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charmieern

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  1. charmieern

    How to Obtain UK RN Licensure for Filipino Nurses

    You're welcome Indai! Congrats on successfully going though all this. Hopefully your DL will come soon! Whereabouts in Saudi Arabia? I worked in Riyadh at an out-patient clinic for 2 years. :)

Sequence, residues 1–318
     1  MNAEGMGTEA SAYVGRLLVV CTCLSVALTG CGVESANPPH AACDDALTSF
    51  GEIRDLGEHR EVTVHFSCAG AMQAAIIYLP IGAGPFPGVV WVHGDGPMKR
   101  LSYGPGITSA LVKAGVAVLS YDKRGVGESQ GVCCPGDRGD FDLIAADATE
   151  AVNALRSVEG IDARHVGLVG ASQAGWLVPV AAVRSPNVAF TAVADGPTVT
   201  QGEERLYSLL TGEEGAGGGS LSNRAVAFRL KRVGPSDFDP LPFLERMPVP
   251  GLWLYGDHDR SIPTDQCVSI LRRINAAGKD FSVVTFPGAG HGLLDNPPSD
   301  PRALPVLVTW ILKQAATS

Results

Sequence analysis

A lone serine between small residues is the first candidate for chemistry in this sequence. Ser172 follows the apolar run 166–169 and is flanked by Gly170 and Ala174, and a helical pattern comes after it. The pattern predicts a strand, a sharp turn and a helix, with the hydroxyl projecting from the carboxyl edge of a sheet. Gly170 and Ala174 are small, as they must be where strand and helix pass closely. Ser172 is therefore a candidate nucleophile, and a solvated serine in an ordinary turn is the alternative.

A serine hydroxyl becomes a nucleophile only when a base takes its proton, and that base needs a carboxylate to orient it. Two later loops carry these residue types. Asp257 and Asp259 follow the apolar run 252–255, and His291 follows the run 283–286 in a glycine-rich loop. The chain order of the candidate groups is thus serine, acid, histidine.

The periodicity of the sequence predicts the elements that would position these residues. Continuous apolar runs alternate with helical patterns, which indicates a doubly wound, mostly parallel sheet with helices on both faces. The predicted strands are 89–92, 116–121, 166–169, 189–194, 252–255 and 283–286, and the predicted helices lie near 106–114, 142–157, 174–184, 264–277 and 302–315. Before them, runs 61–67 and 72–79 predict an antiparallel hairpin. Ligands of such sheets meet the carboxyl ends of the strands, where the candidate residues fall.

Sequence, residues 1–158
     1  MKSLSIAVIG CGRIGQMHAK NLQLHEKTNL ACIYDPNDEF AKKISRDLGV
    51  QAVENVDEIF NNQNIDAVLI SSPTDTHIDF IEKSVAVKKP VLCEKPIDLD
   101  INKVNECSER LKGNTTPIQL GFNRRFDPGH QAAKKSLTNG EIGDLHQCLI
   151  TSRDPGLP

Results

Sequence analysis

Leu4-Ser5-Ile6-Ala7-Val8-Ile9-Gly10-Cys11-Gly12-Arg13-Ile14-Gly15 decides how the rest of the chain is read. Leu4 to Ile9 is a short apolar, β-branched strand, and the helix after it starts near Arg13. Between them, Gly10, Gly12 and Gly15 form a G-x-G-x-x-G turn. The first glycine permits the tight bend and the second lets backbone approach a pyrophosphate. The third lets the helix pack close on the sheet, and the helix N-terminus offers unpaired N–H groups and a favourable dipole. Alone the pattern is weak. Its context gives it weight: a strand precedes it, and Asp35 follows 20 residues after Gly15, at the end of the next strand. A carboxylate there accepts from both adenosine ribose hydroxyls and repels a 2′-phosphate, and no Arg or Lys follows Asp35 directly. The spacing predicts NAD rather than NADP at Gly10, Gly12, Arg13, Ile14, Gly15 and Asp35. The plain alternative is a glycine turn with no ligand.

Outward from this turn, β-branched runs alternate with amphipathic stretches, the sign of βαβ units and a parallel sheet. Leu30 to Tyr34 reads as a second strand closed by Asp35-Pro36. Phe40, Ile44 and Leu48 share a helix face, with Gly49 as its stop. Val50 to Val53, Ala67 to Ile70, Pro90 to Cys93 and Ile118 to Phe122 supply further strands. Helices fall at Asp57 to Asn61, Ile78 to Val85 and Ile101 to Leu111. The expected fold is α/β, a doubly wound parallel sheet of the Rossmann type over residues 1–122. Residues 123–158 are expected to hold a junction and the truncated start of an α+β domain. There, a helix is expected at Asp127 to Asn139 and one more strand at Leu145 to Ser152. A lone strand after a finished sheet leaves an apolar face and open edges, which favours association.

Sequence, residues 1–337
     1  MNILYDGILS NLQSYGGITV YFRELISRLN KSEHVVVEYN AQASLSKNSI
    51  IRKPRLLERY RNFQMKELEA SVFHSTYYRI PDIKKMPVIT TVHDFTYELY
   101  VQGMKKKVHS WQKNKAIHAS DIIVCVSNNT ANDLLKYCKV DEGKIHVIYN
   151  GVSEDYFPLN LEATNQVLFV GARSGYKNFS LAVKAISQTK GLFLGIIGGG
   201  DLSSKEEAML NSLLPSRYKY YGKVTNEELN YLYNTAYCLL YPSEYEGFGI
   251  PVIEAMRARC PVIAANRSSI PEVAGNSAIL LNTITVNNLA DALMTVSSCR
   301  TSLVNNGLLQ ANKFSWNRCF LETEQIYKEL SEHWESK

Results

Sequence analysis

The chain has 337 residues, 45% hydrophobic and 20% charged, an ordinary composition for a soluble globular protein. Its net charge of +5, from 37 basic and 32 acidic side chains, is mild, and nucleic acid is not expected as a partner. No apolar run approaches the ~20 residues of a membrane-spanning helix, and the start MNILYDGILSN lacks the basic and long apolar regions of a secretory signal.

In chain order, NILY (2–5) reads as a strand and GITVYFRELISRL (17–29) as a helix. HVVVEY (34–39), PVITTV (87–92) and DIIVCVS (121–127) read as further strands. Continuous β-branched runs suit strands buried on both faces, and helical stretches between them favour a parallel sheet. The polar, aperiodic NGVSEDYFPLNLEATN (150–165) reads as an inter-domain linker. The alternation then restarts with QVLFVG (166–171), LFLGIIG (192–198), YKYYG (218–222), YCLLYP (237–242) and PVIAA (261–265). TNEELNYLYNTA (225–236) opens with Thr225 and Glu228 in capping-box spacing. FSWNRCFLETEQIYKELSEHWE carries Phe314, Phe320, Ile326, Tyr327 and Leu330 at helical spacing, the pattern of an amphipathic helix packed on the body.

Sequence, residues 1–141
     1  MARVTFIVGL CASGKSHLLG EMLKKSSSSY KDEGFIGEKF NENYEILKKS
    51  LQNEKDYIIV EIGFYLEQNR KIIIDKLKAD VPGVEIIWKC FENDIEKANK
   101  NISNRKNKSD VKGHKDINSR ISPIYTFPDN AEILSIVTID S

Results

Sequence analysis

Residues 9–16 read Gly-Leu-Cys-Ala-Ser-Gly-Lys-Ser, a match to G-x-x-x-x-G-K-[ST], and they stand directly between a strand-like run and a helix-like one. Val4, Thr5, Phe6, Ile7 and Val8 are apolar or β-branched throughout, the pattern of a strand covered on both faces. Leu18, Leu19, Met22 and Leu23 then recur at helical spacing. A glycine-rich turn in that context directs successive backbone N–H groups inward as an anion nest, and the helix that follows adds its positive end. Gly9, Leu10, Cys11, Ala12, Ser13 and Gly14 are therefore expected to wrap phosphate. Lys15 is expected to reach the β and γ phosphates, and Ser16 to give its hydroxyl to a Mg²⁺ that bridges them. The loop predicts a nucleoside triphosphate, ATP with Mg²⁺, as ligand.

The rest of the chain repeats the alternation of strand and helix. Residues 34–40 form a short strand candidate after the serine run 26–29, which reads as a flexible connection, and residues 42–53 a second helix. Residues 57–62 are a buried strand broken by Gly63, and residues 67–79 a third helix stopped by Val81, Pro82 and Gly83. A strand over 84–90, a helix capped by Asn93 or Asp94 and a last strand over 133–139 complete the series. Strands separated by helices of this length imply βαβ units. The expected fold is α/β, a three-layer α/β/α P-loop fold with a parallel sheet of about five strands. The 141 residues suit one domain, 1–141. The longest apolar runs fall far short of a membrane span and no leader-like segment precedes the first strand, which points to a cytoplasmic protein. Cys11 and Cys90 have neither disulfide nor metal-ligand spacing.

2. charmieern

    How to Obtain UK RN Licensure for Filipino Nurses